Palisade hires former coach to lead Bulldogs again
Palisade football players, prepare to work harder than you ever have.
That’s the Joe Ramunno way, which worked well when he coached the Palisade High School football team from 1988 to 1997, leading the Bulldogs to four straight state titles from 1994 to 1997. And Ramunno’s approach will become the Bulldogs’ way again as he is returning to the Palisade sideline as the head football coach.
Palisade Athletic Director Mike Krueger announced Wednesday the high school hired Ramunno, who parlayed his previous success with the Bulldogs into a 14-year stint at Colorado Mesa University. After Ramunno resigned as Colorado Mesa’s coach in November 2011, he served as an assistant coach at Palisade last fall.
The opportunity to return as the head coach surfaced in late January, when Palisade decided not to bring back John Arledge, who posted a career mark of 69-22 in eight years. Arledge guided the Bulldogs to an 8-3 mark last season, which ended in the first round of the Class 3A playoffs. The Bulldogs reached the playoffs every year under Arledge.
Ramunno in early February said he would talk with Palisade about the job, but he also wondered if he was the right fit all these years later.
“I kind of had my Cinderella story there,” he said at the time.
The more he thought about it, though, the more excited he got, and friends and family made it clear he had their support.
“A lot of people who meant a lot to me said to get back into it and get going with it,” Ramunno said Wednesday. “The main ones are my family — my wife Sandy, my two kids Niko and Calli — (they) really pushed me to go ahead and go for it. When you hear that, it’s coming from home, you really have the urge to get back into it. It was a win-win thing for us.”
Expect Ramunno to resume doing what made him successful previously at Palisade: Work harder than everyone else.
That was the prevailing sentiment Wednesday from people who played for him and coached for him: No one outworks Ramunno or his players.
That’s not to say other coaches don’t get their players to work hard. Ramunno is just at another level, according to Darrell Simonton, a Grand Junction High School teacher who played football with Ramunno at the University of Wyoming, then served as an assistant coach for him for several years at Palisade and for one year at Colorado Mesa.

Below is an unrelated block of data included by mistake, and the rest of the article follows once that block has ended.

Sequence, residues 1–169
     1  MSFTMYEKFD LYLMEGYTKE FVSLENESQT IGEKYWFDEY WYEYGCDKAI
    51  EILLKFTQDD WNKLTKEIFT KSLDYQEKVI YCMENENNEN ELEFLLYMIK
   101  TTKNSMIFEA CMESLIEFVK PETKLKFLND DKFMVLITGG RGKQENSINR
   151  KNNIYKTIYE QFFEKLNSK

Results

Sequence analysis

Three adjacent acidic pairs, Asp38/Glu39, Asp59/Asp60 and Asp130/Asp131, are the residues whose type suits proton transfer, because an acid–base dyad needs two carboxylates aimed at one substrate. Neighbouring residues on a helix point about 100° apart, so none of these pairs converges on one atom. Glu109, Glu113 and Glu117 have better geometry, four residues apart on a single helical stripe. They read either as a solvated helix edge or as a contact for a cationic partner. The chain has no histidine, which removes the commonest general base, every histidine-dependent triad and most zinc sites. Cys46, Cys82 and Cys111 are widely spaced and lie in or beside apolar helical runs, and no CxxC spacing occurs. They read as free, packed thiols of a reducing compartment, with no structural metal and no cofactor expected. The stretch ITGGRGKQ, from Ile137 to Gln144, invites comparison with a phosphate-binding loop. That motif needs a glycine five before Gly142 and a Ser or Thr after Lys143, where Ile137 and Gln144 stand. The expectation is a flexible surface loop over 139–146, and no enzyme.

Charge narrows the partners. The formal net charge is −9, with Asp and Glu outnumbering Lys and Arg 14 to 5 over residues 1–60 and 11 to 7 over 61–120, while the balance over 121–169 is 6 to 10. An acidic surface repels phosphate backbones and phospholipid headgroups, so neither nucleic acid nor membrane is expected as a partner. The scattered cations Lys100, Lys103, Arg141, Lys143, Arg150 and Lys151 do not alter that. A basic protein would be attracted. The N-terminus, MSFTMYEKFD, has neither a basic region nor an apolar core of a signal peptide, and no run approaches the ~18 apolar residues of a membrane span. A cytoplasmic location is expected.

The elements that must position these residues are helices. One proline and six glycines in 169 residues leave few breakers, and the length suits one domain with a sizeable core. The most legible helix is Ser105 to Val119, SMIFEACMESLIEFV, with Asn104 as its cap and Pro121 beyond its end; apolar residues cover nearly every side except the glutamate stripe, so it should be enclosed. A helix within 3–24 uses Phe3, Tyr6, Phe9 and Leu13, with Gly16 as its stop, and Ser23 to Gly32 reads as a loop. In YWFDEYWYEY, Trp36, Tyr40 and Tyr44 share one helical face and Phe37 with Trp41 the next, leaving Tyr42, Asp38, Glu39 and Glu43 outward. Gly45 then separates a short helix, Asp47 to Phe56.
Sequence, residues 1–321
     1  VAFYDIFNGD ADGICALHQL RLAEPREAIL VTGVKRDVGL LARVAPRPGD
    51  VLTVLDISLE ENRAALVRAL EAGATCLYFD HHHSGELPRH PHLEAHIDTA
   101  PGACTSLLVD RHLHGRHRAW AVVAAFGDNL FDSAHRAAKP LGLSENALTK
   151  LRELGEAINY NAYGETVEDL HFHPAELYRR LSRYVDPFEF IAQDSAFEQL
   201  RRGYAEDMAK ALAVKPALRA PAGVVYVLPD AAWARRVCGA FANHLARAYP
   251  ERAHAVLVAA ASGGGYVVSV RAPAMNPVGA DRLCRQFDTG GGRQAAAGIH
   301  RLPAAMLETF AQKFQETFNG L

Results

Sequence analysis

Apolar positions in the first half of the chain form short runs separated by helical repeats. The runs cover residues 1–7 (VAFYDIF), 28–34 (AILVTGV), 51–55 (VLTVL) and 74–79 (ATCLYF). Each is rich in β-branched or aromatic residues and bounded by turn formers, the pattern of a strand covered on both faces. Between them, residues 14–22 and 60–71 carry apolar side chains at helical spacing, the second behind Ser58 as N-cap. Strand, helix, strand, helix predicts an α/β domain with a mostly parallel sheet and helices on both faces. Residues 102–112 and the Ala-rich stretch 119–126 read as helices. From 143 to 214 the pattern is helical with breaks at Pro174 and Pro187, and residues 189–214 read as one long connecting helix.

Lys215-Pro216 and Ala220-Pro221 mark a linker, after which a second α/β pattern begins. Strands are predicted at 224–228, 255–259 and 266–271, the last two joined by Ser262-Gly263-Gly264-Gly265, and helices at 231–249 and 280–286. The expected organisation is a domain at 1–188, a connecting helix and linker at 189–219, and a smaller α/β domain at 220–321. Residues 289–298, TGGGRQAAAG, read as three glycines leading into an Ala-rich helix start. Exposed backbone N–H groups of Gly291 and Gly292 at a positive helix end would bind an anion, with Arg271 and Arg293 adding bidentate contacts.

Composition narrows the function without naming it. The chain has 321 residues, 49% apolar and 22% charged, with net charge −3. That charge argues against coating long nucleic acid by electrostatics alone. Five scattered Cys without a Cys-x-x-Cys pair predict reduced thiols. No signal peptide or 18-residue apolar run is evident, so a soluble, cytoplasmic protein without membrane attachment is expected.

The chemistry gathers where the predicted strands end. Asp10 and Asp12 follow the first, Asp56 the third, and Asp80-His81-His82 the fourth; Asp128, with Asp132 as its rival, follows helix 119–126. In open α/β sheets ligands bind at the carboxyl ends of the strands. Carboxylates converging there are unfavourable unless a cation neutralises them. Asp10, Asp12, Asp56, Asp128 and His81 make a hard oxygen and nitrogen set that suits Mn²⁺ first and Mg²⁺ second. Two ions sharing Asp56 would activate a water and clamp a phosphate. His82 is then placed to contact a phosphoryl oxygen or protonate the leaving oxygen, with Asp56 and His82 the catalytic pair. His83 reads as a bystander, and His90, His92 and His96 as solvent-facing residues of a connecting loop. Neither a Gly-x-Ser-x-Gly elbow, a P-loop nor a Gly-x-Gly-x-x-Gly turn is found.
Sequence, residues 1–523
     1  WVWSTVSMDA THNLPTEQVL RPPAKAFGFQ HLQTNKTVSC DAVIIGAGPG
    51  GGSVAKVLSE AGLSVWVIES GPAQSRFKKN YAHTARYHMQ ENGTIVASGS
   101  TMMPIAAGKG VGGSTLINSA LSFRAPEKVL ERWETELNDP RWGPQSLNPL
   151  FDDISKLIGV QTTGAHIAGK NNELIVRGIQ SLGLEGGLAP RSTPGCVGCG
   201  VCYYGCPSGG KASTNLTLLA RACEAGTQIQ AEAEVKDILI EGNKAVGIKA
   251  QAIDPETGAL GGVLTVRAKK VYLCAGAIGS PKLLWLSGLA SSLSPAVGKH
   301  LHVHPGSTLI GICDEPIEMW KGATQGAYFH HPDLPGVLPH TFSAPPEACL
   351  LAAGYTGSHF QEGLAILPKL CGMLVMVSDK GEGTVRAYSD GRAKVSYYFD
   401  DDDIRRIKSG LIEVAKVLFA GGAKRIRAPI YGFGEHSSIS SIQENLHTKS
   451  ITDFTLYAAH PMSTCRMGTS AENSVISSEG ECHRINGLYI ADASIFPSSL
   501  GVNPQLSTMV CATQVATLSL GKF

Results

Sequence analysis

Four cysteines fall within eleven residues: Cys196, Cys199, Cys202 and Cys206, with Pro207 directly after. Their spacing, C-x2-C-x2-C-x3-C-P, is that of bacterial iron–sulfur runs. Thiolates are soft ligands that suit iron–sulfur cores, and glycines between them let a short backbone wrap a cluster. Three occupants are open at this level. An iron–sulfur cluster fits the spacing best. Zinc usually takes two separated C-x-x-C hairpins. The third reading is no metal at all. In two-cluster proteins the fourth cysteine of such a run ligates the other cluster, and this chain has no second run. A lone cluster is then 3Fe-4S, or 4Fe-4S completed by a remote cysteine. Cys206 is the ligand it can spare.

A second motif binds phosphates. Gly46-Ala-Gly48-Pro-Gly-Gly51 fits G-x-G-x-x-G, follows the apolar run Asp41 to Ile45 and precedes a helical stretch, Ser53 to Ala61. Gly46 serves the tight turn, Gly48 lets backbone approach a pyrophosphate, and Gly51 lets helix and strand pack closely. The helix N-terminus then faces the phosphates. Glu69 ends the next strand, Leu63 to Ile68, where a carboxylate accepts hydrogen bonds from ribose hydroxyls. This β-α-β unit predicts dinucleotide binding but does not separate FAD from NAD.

“He’ll outwork you,” said Simonton, who was Ramunno’s first defensive coordinator at Palisade and stayed through 1993. “Where it started out at Palisade, he started a weight program that was like no other. And he went in there and lifted with the kids, and those kids got strong. And you get those type of kids strong, they’re going to be tough for you. And he got them mentally tough.”
Pat Steele experienced it first-hand and said of Ramunno, “He’s a guy, he gets players to run through brick walls for him.”
Steele played four years under Ramunno, 1990 to 1993, and he said the work ethic started in the weight room, where Ramunno lifted alongside the players, leading by example. And when players thought they had no more energy to do another set, Ramunno convinced them they did.
“He gets right in there and makes a believer out of you,” Steele said. “He’s going to get you to do things that you didn’t know you could. You’ve just got to trust him and push yourself to do it.”
In addition to the weight room, Steele said back in the day Ramunno would join the players in the morning as they ran hills on the Bookcliffs.
“He set the example of how football players should work and what was expected,” said Steele, who has been an assistant football coach at Palisade for the past nine seasons. “He lifted with us every day and basically set the tone of what we needed to do there. ... I was a freshman, and he taught us what that work was supposed to look like. And, man, did it make a lot of great seasons after that as a result.”
Central High School football coach Shawn Marsh joined Steele in saying Ramunno turned around a program that hadn’t had much success in the years leading up to Ramunno’s arrival. And Ramunno’s first year was a rough one, as Simonton recalls it being a one-win campaign.
“I remember him building those teams … and they had a great group of kids that were willing to work hard, but Joe and that coaching staff did a great job of leading that group of kids and getting everything they can out of them,” said Marsh, who was an assistant coach for Ramunno at Palisade and later at Colorado Mesa.
Ramunno will start his second go-around with the Bulldogs with an established program, and he thanks the other coaches over the years at Palisade for the jobs they did in making Palisade football consistently excellent. He said he hopes last year’s assistant coaches will return, because he gained immense respect for them last fall.
He also looks forward to coaching the blue-collar kids that Palisade provides. It’s easy, he said, to get them to buy into working hard because it’s ingrained in them.
Steele said that’s an element of success Ramunno always understood: The hard work develops players.
“He knows that football and football programs are about the players, first and foremost, hands down, that’s what it’s about,” Steele said.